Kurukshetra IAS Academy Blogs

  1. Indian Navy warship rescues 17 crew members of hijacked merchant vessel; 35 pirates surrender

In an end to the episode of the merchant vessel-turned-pirate vessel Ruen, the Indian Navy destroyer INS Kolkata through concerted actions successfully cornered and coerced all 35 pirates to surrender and ensured the safe evacuation of 17 crew members from the pirate vessel without any injury, the Navy said late on Saturday.

The ex-Malta flagged merchant vessel Ruen, which was hijacked on December 14 and taken to Somalian waters, was turned into a pirate vessel and was reported being used as a pirate ship.

The vessel was intercepted by INS Kolkata on March 14 when it was fired upon.

INS Kolkata had carried out the interception of the Pirate Ship Ruen almost 1,400 nm [2,600km] from the Indian Coast, and forced the pirate ship to stop through calibrated actions which were augmented by INS Subhadra, high altitude long endurance unmanned aerial vehicle, P-8I maritime patrol aircraft and MARCOS air-dropped by C-17 aircraft,” the Navy spokesperson said. “The vessel has also been sanitised for presence of illegal arms, ammunition, and contraband.” Earlier in the day, the spokesperson said that the vessel opened fire on the warship, which was “taking actions in accordance with international law with minimal force necessary to neutralise the pirates’ threat to shipping and seafarers”.

An important aspect pointed out by officials is that Ruen is no longer “Maltese flagged”.

It is in fact flying no flag, and is hence stateless and to be considered as “pirate ship Ex-Ruen”, officials said. Actions against the vessel, if any, are accordingly as per international law against pirate and stateless vessels, and in self defence as the vessel has committed hostilities against Indian Navy, one official noted.

Resurgent piracy

There has been a resurgence in piracy in the Horn of Africa coinciding with the volatile situation in the Red Sea with drone and missile attacks by Houthis on commercial shipping.

Earlier this week, a Bangladesh flagged merchant vessel MV Abdullah was hijacked by Somali pirates while it was enroute from Mozambique to the UAE.

2.Home Ministry bans several outfits in J&K under UAPA

Hours before the dates for the Lok Sabha election were announced, the Union Home Ministry on Saturday banned the Jammu and Kashmir Peoples Freedom League and all factions of the Jammu and Kashmir Peoples League associated with the separatist conglomerate Hurriyat Conference under the Unlawful Activities Prevention Act (UAPA).

The ban on the Jammu Kashmir Liberation Front (JKLF), which is led by imprisoned terror accused Yasin Malik, has been extended by another five years.

Union Home Minister Amit Shah posted on X, “The Modi government has designated the Jammu and Kashmir Peoples Freedom League (JKPFL) as an ‘unlawful association’ for five years. The organisation threatened India’s integrity by promoting, aiding and abetting the secession of Jammu and Kashmir through terrorism.”

JKPL factions

The Ministry declared four factions of the Jammu and Kashmir Peoples League – JKPL (Mukhtar Ahmed Waza), the JKPL (Bashir Ahmad Tota), the JKPL (Ghulam Mohammad Khan) and the Yaqoob Sheikh-led JKPL (Aziz Sheikh) – as “unlawful associations”.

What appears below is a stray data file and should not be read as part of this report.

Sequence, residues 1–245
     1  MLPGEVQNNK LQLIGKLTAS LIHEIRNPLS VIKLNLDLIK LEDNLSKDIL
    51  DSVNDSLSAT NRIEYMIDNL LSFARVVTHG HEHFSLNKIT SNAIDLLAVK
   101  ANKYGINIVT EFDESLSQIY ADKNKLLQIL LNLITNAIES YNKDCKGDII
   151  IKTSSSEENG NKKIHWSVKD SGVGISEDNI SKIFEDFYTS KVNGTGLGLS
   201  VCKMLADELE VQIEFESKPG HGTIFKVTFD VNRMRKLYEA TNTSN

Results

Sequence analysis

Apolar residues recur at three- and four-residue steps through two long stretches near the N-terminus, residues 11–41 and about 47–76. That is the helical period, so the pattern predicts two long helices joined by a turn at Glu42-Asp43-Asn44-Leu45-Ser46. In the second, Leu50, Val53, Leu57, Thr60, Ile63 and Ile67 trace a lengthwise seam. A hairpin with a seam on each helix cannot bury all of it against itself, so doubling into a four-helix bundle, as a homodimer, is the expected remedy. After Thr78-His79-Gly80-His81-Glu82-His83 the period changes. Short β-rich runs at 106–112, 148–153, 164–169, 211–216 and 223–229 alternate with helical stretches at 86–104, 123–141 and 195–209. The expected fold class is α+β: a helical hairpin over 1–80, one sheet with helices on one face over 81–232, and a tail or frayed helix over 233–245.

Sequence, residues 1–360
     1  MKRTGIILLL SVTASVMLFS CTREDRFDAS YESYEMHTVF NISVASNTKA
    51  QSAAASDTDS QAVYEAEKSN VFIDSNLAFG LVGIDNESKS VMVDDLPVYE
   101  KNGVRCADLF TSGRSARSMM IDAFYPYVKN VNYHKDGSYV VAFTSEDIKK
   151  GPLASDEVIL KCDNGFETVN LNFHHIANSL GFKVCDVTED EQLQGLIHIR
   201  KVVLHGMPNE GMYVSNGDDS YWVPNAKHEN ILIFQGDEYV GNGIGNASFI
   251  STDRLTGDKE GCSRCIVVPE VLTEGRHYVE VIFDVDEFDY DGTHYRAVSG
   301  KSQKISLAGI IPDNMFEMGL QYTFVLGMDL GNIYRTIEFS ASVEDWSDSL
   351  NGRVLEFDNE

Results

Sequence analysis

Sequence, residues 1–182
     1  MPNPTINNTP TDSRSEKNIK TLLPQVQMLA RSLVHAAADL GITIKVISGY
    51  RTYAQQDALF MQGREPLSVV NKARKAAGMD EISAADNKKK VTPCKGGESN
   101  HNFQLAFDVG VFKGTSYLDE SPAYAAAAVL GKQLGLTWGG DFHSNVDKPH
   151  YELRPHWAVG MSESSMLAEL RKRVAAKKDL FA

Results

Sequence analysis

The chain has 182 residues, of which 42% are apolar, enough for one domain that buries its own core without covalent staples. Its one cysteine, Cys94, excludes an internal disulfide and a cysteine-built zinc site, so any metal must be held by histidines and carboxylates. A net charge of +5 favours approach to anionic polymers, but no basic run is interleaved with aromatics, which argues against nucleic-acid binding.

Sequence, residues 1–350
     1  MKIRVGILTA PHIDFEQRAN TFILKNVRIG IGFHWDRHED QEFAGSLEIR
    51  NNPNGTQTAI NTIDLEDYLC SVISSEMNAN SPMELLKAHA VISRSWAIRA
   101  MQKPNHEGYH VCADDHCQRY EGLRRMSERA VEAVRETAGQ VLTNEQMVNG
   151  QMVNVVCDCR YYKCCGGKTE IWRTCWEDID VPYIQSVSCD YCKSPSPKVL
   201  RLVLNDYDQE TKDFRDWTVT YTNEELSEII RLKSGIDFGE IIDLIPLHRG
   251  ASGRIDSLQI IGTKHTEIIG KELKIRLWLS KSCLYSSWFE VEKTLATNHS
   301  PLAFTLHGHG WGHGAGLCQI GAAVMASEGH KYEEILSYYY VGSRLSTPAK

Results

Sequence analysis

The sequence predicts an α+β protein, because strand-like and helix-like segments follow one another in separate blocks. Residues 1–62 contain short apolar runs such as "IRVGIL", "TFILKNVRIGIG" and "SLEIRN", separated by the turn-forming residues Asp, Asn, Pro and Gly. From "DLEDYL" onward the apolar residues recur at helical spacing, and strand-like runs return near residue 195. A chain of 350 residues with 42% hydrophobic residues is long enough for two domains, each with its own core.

These organisations were involved in inciting terror and abetting secessionism in Jammu and Kashmir and the government is committed to suppressing terrorism ruthlessly, the Minister said.

He stated that the JKLF continued to engage in activities that foment terror and secessionism in Jammu and Kashmir. Anyone found challenging the security, sovereignty and integrity of the nation would face harsh legal consequences, he warned.

In a notification, the Home Ministry said the JKPFL, chaired by Mohammad Farooq Shah, was indulging in unlawful activities prejudicial to the integrity, sovereignty and security of the country.

Members of the JKPFL have remained involved in supporting terrorist activities and anti-India propaganda to incite secessionism in Jammu and Kashmir, it said.

3.Kerala moves SC for stay on citizenship Act and its rules

The State of Kerala has moved an application in the Supreme Court seeking an injunction against the implementation of the Citizenship (Amendment) Act, 2019 and the Citizenship (Amendment) Rules, 2024.

The State said the Centre took over five years to notify the Rules. This itself indicated that the Union government was in no hurry to implement the law which discriminated against Muslim migrants from Afghanistan, Pakistan, and Bangladesh on the grounds of religion and country.

“The fact that the defendant (Union) itself has no urgency in the implementation of the 2019 Act is a sufficient cause for staying the 2024 Rules,” the State, which had earlier filed an original suit against the validity of the Citizenship Amendment Act (CAA), argued.

Noting that the CAA was “arbitrary”, the State said the Rules was a “class legislation” that fast-tracked procedure for granting Indian citizenship to Hindu, Sikh, Buddhist, Jain, Parsi, or Christian community members who entered into India on or before December 31, 2014 from Afghanistan, Bangladesh, or Pakistan. The effect of the implementation of the Act and the Rules would be “hostile discrimination”.

“Classifications based on religion and country are manifestly discriminatory… It is trite and settled law that a legislation discriminating on the basis of an intrinsic and core trait of an individual cannot form a reasonable classification based on an intelligible differentia,” the State contended.

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